"Living" bamboo sculpture opens at Met rooftop garden
NEW YORK (Reuters Life!) - Visitors to the Metropolitan Museum of Art will not only be able to view a new bamboo sculpture perched on the roof, they can also climb the 50-foot-high (15 meters) structure.
From a distance the artwork resembles bamboo scaffolding mangled by a hurricane. But artists and twin brothers Mike and Doug Starn envisioned it as a giant crested wave set against Central Park and its urban skyline.
"Big Bambu: You Can't, You Don't, and You Won't Stop," which is a reference to the comedians Cheech and Chong and also the lyrics of a song by the Beastie Boys, opens on Tuesday and runs through the end of October.
Museum visitors can use bamboo pathways to walk through the structure or rest under its canopies, viewing it from inside the piece, or from the roof deck.
The sculpture, which is a work in progress, will contain 5,000 bamboo poles lashed together with 50 miles of colored nylon ropes. The artists and a team of rock climbers are building "Big Bambu" in three phases over the spring, summer and winter.
"The only thing that's constant is change," Mike Starn said during an interview in which the twins often finished each other's sentences.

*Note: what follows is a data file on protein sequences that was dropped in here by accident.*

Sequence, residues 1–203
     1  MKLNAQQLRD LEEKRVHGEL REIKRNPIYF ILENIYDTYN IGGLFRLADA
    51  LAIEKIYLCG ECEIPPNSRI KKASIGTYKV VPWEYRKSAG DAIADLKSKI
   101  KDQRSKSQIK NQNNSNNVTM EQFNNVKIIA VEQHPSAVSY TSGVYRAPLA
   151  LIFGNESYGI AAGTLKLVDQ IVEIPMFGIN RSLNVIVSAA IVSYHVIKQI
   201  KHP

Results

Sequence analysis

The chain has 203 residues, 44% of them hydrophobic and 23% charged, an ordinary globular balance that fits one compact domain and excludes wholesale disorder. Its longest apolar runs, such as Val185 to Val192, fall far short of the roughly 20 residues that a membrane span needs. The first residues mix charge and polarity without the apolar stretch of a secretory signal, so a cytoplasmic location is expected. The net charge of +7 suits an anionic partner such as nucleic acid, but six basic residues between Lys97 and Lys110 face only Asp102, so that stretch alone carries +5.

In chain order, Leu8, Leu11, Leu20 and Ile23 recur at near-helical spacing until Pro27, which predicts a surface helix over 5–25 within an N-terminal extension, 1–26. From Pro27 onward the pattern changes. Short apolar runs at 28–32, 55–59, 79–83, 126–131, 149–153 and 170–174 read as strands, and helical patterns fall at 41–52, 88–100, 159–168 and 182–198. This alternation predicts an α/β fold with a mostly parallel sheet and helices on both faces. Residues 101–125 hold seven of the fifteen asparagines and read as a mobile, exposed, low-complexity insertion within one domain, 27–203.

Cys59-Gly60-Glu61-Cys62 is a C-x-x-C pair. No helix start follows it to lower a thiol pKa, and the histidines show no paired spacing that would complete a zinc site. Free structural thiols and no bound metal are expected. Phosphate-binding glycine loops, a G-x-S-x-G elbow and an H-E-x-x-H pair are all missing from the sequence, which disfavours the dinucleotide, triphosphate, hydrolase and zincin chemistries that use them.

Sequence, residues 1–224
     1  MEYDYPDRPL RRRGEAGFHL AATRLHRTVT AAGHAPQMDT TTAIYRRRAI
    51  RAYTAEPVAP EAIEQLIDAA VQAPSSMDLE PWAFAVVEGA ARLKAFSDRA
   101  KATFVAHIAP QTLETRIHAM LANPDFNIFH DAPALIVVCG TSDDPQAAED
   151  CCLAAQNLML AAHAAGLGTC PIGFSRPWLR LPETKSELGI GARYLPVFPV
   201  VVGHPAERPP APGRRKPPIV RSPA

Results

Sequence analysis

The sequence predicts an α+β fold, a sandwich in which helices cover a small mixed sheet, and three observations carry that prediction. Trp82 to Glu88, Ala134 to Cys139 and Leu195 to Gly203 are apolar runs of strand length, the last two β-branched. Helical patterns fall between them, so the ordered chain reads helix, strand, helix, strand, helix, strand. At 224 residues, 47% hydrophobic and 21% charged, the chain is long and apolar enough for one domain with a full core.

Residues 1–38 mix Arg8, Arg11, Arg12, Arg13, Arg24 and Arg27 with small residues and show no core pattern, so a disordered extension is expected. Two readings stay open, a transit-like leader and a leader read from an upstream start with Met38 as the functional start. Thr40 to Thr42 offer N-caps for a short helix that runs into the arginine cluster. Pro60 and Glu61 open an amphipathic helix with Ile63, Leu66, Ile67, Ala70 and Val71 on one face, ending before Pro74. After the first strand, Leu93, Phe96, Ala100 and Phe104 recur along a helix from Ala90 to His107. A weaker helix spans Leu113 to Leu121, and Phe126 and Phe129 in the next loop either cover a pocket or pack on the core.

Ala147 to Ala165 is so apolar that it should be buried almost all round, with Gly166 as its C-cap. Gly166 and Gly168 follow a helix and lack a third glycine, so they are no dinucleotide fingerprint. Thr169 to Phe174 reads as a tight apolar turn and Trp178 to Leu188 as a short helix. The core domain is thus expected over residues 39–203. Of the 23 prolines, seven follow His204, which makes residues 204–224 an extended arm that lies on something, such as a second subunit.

Doug Starn called the structure "an instinctual piece" that will change and grow over time like a living organism. The artists said their work embodies the contradictory essence of nature, which is always complete, yet always unfinished.
The finished piece will be 100 feet (30.5 meters) long and be made of three types of bamboo shipped from Georgia and South Carolina.
Madake, a Japanese bamboo, is the primary building bamboo. Meyeri, which is thinner and more flexible, and the larger moso bamboo is also used in the sculpture.
Born in New Jersey in 1961, the twins began their career as photographers. Last year they made their first public commissioned work for the Arts for Transit program of the Metropolitan Transportation Authority of New York.
The work, which is installed permanently at the South Ferry subway station, won the Brendan Gill Prize.
(Reporting by Walden Siew; Editing by Patricia Reaney)
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